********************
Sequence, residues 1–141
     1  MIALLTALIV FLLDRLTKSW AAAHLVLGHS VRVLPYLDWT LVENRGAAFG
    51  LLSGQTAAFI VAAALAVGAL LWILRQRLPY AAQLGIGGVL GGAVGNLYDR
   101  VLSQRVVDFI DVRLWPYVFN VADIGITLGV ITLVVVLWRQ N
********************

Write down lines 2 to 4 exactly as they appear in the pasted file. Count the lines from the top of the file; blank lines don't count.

     1  MIALLTALIV FLLDRLTKSW AAAHLVLGHS VRVLPYLDWT LVENRGAAFG
    51  LLSGQTAAFI VAAALAVGAL LWILRQRLPY AAQLGIGGVL GGAVGNLYDR
   101  VLSQRVVDFI DVRLWPYVFN VADIGITLGV ITLVVVLWRQ N